Steroid users are on the ballot. They are not excluding them. In Clemens and Bonds case, their support for the HOF is not insignificant. They may well get in eventually. It is the opinion of many that their pre-steroid stats made them HOFers, so steroids didn’t “make them” into HOFers. Voters are having difficulty saying the same thing about McGwire, Sosa, Palmeiro and others. The only players not eligible to be on the ballot are those declared permanently ineligible. To my knowledge only the Black Sox and Pete Rose are on this list. In the future, a multiple PED test failure player may make this list. ARod and Braun seem to be getting close to having this happen. But since those PED suspension rules weren’t in play for those currently on the ballot, then baseball rightly leaves them on the ballot.

  6. sportsfan18 - Jun 27, 2014 at 12:29 PM

    The leader to help entice us to click on this article (uh, none needed it’s a Mr. Posnanski article) said the following:

    “Nelson Cruz could be elected to the All-Star Game. Melky Cabrera and Ryan Braun, too. Shouldn’t the public be more upset about this?”

    Well, uh, it IS the public who would be electing them to the All-Star game…

    So if the public does it, how could the public be upset about it?

    • jwbiii - Jun 27, 2014 at 4:02 PM

      You don’t follow politics much, do you?

  7. sportsfan18 - Jun 27, 2014 at 12:40 PM

    “Of course, Hall of Fame inductions are BOTH honor and historical record. But what is the main purpose?”

    “But if the point is for posterity, then it’s hard to see NOT putting in a great player because of other flaws.”

    The baseball HOF addresses this via the “character clause”.

    Alexander Cleland, who was instrumental in the voting process at its origins, listed general rules for voters to consider that “those worthy of Hall of Fame election should be selected from the ranks for ability, character, and their general contribution to base ball in all respects,” according to an August 1944 memo from Hall of Fame treasurer Paul Kerr.

    Later in 1944, when the Hall of Fame adopted the first formal rules for election, which were implemented for 1945, the Committee for Hall of Fame election authorized the BBWAA to consider candidates “on the basis of playing ability, sportsmanship, character, their contribution to the teams on which they played and to baseball in general.”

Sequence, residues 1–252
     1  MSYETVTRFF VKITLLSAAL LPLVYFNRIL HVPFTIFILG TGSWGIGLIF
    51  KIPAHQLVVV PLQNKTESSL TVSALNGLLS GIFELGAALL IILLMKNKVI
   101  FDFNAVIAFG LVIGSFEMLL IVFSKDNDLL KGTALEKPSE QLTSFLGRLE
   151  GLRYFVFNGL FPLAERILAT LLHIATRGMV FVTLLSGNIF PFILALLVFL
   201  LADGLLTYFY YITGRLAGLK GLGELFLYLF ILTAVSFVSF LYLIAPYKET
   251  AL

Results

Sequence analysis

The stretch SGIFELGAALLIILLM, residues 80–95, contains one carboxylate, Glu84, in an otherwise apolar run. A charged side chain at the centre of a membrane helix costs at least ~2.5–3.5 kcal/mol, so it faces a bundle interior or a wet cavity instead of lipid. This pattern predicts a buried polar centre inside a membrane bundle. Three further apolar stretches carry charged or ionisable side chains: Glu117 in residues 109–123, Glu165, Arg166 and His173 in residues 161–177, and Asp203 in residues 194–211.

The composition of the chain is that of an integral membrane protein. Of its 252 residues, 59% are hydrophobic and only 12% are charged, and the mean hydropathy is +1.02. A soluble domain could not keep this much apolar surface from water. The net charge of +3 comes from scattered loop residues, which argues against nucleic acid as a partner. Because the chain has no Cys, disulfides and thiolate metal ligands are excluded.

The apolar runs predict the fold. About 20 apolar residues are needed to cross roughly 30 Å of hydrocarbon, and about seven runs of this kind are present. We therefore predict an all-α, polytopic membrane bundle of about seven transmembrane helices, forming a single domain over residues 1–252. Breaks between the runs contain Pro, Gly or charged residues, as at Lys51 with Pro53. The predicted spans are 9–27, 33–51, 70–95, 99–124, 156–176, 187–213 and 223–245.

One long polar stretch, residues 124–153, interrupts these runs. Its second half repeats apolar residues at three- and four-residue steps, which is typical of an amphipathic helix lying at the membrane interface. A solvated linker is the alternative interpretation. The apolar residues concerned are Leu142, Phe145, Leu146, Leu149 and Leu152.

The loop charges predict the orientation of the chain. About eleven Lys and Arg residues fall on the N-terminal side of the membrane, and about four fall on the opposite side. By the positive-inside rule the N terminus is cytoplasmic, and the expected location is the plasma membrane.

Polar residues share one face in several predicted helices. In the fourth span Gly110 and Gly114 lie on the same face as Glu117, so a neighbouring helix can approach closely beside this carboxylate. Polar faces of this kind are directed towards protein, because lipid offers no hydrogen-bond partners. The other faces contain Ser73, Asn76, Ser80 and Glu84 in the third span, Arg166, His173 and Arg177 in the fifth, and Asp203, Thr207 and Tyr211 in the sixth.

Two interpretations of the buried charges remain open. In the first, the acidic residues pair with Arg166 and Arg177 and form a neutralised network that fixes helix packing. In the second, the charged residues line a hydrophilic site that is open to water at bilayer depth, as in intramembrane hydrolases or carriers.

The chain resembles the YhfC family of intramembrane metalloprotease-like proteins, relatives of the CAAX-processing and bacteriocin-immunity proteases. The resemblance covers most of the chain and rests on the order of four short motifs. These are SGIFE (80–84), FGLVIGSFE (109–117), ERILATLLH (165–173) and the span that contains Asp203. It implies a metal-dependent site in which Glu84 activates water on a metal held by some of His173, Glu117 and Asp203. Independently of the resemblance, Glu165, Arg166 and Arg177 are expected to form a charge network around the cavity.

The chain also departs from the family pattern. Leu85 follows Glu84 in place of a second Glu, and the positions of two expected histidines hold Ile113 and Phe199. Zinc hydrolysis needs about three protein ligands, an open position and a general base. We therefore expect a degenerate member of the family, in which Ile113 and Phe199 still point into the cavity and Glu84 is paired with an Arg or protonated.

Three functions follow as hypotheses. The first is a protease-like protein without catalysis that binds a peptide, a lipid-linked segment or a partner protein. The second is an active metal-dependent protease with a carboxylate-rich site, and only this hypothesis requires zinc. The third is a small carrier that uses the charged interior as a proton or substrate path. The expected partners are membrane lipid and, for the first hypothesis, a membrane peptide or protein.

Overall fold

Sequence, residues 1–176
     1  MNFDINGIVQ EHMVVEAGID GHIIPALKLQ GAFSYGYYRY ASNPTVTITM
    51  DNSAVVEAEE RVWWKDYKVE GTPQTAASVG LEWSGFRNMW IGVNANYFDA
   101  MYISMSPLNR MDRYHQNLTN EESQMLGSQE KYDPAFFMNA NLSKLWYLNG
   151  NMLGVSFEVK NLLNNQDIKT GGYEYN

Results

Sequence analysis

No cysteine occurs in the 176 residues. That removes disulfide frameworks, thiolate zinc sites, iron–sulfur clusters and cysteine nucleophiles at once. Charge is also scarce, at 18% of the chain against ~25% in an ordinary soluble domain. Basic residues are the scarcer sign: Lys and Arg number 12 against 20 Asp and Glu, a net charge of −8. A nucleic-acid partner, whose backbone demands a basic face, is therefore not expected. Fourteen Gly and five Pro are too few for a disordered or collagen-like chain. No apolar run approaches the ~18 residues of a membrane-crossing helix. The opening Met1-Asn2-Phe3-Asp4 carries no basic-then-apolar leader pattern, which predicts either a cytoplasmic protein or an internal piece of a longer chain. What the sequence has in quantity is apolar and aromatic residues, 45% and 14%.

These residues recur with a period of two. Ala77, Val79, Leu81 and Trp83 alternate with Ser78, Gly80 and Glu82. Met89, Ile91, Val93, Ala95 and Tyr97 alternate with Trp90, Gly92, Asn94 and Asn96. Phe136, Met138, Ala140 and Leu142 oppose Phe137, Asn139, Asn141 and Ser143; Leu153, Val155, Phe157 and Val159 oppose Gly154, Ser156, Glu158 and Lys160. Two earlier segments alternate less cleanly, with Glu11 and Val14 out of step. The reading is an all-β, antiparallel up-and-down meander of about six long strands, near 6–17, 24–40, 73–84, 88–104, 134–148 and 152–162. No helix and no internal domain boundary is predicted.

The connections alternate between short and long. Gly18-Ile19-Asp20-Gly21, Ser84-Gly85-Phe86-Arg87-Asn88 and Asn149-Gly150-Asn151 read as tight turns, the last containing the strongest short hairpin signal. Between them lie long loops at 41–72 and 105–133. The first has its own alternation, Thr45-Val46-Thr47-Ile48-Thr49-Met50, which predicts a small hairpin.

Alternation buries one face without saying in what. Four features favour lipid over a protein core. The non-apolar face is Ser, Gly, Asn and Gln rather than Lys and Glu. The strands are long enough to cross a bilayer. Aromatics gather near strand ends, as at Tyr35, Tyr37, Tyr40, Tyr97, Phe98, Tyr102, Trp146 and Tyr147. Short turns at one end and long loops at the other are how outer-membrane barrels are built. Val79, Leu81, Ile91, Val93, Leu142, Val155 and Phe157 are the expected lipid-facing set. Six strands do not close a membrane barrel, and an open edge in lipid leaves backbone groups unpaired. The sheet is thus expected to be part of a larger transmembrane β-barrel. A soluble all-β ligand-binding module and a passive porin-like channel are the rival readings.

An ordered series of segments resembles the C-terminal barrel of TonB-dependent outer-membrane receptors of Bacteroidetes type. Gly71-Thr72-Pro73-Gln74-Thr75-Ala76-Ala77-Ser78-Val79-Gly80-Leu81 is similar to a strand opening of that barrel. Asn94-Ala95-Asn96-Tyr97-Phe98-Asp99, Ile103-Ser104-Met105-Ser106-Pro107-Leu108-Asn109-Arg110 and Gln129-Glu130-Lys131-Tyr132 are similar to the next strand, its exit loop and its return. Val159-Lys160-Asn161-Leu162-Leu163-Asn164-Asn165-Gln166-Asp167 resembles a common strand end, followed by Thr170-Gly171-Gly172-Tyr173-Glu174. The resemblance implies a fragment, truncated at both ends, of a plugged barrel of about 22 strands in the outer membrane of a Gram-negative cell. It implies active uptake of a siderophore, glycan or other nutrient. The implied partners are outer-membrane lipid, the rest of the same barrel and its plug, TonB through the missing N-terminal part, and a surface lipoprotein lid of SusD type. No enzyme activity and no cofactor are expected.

In 1945, as the Rules were altered again in time for elections beginning in 1946, the Hall of Fame’s criteria for election became even more defined. “They shall be chosen on the basis of playing ability, integrity, sportsmanship, character, their contributions to the team on which they played and to baseball in general.”

    The Pro Football HOF has NO such clause.

    So, the PURPOSE of the baseball HOF is BOTH great players who ALSO met the character clause…

    Purpose of football HOF is only stats… if they cared about character, it would be listed as something to consider, but it is NOT.

    Pete Rose, EVEN if NOT banned from the game… what he did on the field easily makes him a HOF player.

    BUT, even if he wasn’t banned, he should NOT get voted in based on the baseball HOF voting GUIDELINES about character.

    Had Rose been a football player, well he’d be in their HOF.

    If folks don’t like the guidelines in baseball’s hof, I guess they could try, lobby to get things changed.

    For NOW, the character clause IS a part of it. betting on the game, even with awesome stats means one should NOT be in… don’t need to ban him from the game though to keep him out of the HOF.

    • dluxxx - Jun 27, 2014 at 1:16 PM

      Ty Cobb, Tris Speaker (game fixer), Cap Ansom (refused to take the field if the opposing team had black players on it), Commissioner Kenesaw Mountain Landis (commissioner that maintained segregation in baseball), Owner Tom Yawke (didn’t have a black player until 12 years after Robinson broke the color barrier), Babe Ruth (prodigious drinker and womanizer), Gaylord Perry (doctored the ball with anything he could find and everyone knew it), Orlando Cepeda (served 10 months in prison for smuggling marijuana in Puerto Rico), Paul Moliter (recreational drug use), Wade Boggs (sex addict) and Duke Snider (tax evasion) are all in the Hall of Fame. That Character Clause sure is a great way to weed out the riff-raff isn’t it?

      In the early days of baseball, baseball players were treated like circus performers or prostitutes, being refused entry into hotels, etc. Now they’re heros. Kinda funny how that works, isn’t it?

      • [citation needed] fka COPO - Jun 27, 2014 at 5:07 PM

        Owner Tom Yawkey (didn’t have a black player until 12 years after Robinson broke the color barrier)

        He also harbored a child sex abuser as well.

      • thegloriousone - Jun 27, 2014 at 9:36 PM

        Ruth and Cobb were great on the field and their off the field pursuits had no effect on this.
        .
        Without the juice, McGwire wouldn’t even be in the HOF conversation. He was an average hitter with phenomenal power. Since a large amount of that power was artificial, he doesn’t belong.

      • dluxxx - Jun 30, 2014 at 9:36 AM

        What about Bonds?

    • raysfan1 - Jun 27, 2014 at 2:19 PM

      You seem to be missing the nuance of the question. As you quoted from Posnansky’s article, baseball HoF entry is both honor (and thus the character clause) and for posterity (historical record of on field greatness). He’s also stating, however, the some individuals value one more than the other, and that leaning affects one’s views on whether players with various human failings/character flaws deserve entry.